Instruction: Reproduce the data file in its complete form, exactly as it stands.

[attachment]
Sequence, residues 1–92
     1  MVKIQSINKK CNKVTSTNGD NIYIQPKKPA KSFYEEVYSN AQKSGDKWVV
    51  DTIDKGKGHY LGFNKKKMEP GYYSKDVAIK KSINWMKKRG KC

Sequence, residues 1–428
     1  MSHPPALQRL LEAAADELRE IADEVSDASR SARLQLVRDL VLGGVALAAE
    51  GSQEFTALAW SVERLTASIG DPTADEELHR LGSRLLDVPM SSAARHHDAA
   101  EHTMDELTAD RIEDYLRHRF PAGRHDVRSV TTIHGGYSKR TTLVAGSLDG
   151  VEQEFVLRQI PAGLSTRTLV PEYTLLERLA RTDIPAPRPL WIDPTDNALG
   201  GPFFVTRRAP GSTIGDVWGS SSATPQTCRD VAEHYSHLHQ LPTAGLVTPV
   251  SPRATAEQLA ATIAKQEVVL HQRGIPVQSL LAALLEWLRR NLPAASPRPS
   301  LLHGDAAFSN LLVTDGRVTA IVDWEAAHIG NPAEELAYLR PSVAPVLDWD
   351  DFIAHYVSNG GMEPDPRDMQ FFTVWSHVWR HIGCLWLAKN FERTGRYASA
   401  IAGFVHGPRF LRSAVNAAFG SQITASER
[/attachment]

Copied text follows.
Sequence, residues 1–92
     1  MVKIQSINKK CNKVTSTNGD NIYIQPKKPA KSFYEEVYSN AQKSGDKWVV
    51  DTIDKGKGHY LGFNKKKMEP GYYSKDVAIK KSINWMKKRG KC

Sequence, residues 1–428
     1  MSHPPALQRL LEAAADELRE IADEVSDASR SARLQLVRDL VLGGVALAAE
    51  GSQEFTALAW SVERLTASIG DPTADEELHR LGSRLLDVPM SSAARHHDAA
   101  EHTMDELTAD RIEDYLRHRF PAGRHDVRSV TTIHGGYSKR TTLVAGSLDG
   151  VEQEFVLRQI PAGLSTRTLV PEYTLLERLA RTDIPAPRPL WIDPTDNALG
   201  GPFFVTRRAP GSTIGDVWGS SSATPQTCRD VAEHYSHLHQ LPTAGLVTPV
   251  SPRATAEQLA ATIAKQEVVL HQRGIPVQSL LAALLEWLRR NLPAASPRPS
   301  LLHGDAAFSN LLVTDGRVTA IVDWEAAHIG NPAEELAYLR PSVAPVLDWD
   351  DFIAHYVSNG GMEPDPRDMQ FFTVWSHVWR HIGCLWLAKN FERTGRYASA
   401  IAGFVHGPRF LRSAVNAAFG SQITASER